AbstractThe UK government’s first loneliness strategy promotes socially connected communities. A social policy approach, whereby social interactions with diverse communities is promoted, aims to tackle loneliness. However, this approach may not suit everyone, as older South Asian people in the UK often do not socially interact with others outside their own faith and/or ethnicity due to cultural barriers. Focus groups were undertaken with older South Asian people from three faith groups – Sikh, Hindu, and Muslim – and across genders to identify the barriers and enablers to social participation. In addition, participatory mapping was undertaken to identify whether life experiences shape intra/inter-social bonding and/or social bridging in social networks and community activities throughout the course of life (middle to older age).
The findings identify that both cultural capital and life experiences impact and shape social participation, the social networks and community activities that older South Asian people access across the life course, and intra/inter-social bonding and social bridging. Similarities and differences are found across faiths and genders. Personal life circumstances, migration, caring, and bereavement have been found to strengthen family networks in pre-retirement but reduce participation in community activities, particularly for women. However, retirement and older age facilitates access to community activities through social bridging across faiths and genders and to volunteering aligned to cultural values. Furthermore, for South Asian women and Muslim men, cultural barriers and faith were also found to strengthen intra-social bonding in community activities but hinder wider community participation through inter-social bonding and/or social bridging. Shared interests related to hobbies facilitated social bridging, particularly for men across the life course, but it did not lead to bridging social capital. Older South Asian people who have experienced social interactions with diverse groups of people at an earlier life stage have been found to be more likely to access a range of social networks and community activities in later life, through social bridging, and to develop bridging social capital.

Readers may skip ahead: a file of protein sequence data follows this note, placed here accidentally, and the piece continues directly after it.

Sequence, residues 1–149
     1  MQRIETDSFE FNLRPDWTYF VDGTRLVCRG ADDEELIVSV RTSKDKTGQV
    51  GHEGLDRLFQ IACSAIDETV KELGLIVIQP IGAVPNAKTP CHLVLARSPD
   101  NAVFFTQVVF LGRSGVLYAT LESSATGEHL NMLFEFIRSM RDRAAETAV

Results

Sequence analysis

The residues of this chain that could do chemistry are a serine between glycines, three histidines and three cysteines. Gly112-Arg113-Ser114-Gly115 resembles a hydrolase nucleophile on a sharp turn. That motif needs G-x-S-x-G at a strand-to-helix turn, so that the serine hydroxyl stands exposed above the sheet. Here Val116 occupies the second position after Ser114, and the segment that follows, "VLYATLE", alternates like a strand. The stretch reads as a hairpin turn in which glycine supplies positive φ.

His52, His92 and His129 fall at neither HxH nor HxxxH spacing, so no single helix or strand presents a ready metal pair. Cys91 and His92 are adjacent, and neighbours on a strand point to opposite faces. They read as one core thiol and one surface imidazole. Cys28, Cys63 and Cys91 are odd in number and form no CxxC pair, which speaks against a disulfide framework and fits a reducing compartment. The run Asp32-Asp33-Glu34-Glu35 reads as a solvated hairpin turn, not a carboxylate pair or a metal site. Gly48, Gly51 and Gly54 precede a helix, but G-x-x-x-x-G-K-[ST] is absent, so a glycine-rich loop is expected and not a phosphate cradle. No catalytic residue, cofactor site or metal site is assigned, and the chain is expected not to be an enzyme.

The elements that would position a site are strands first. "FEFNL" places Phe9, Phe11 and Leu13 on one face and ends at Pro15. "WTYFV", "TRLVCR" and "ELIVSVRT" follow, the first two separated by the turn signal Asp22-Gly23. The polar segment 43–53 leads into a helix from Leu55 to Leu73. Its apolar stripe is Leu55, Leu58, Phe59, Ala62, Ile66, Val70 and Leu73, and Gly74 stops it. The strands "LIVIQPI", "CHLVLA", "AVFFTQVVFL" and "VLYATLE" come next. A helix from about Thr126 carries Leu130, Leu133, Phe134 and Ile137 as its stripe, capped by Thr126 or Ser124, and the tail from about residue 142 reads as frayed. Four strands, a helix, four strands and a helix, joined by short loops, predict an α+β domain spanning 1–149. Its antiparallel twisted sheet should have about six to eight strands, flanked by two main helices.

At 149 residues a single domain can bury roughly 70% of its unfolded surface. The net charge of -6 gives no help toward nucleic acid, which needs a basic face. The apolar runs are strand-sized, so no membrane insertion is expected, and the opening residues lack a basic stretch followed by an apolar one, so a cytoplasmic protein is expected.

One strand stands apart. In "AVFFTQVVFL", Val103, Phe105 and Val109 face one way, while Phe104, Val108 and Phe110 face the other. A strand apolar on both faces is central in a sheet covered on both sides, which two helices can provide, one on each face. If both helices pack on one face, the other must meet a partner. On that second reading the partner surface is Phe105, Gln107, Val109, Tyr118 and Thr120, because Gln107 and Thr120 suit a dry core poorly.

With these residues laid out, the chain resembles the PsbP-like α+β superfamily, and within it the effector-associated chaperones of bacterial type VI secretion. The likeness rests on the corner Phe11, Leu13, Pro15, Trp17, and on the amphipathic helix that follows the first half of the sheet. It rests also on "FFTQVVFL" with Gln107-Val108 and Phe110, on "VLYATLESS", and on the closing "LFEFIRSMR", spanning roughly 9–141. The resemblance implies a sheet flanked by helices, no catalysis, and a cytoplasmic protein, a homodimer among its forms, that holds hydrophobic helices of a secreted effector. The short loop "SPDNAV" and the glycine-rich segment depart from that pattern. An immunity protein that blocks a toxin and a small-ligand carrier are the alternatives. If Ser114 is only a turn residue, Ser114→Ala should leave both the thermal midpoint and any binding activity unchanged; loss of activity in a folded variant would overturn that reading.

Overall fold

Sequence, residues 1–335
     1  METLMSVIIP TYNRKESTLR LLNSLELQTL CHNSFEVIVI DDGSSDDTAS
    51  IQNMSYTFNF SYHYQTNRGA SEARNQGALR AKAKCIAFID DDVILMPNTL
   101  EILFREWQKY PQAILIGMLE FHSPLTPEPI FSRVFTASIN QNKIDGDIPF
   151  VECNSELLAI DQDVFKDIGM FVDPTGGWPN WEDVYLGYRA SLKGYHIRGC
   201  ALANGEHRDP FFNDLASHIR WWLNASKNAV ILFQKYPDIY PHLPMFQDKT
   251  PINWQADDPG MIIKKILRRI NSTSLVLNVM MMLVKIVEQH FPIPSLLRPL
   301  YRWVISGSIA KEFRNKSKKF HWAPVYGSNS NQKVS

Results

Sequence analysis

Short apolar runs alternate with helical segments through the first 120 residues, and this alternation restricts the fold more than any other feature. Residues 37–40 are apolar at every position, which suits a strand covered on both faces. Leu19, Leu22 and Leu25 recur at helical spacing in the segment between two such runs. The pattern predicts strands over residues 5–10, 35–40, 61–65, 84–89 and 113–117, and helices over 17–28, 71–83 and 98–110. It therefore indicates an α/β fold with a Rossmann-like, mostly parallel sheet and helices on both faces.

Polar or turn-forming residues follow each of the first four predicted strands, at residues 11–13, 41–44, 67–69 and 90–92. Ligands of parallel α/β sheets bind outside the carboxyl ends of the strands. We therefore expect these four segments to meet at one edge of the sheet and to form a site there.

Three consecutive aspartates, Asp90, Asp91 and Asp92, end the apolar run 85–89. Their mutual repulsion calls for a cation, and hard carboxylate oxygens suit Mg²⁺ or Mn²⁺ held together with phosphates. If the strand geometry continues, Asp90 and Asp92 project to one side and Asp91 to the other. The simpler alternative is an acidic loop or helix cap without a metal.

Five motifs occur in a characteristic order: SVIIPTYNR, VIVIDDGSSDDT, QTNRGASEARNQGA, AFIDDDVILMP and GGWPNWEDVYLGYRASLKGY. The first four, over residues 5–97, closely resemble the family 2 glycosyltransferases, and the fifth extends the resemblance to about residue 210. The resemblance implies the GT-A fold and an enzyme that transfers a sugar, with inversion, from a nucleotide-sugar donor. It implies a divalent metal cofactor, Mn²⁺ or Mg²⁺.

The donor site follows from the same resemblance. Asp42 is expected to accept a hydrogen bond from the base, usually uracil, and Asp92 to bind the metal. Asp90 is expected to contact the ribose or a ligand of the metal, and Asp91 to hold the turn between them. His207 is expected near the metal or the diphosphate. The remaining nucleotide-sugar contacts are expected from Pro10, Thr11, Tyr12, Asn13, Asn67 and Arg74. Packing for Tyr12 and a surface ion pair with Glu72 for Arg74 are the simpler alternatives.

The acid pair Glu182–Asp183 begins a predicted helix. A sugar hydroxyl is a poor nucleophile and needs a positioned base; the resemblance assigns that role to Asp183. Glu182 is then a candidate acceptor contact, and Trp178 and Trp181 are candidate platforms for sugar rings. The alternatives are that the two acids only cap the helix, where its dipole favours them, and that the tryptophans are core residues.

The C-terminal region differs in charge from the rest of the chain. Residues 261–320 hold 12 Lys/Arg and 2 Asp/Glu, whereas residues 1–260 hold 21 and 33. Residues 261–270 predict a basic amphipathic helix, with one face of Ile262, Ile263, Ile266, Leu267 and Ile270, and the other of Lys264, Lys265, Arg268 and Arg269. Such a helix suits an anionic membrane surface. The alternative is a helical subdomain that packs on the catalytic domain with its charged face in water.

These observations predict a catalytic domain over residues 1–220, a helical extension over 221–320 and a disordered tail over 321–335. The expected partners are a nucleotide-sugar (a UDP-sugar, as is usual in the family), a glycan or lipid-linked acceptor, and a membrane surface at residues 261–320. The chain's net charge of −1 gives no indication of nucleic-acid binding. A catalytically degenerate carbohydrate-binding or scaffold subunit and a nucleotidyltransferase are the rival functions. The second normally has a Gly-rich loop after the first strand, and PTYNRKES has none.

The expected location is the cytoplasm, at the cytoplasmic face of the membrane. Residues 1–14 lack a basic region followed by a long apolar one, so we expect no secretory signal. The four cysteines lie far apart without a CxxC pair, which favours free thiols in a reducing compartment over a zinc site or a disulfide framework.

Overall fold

The findings suggest that adopting socially connected communities as a social policy approach will not be effective in increasing social participation and/or reducing loneliness among all older South Asian people living in the UK.
|Date of Award||Jun 2021|
|Supervisor||Hazel Barrett (Supervisor), Michael Hardy (Supervisor) & Ann-Marie Nienaber (Supervisor)|
- older South Asians living in the UK
- social participation
- social bonding
- social bridging
- Cultural Capital
- life experiences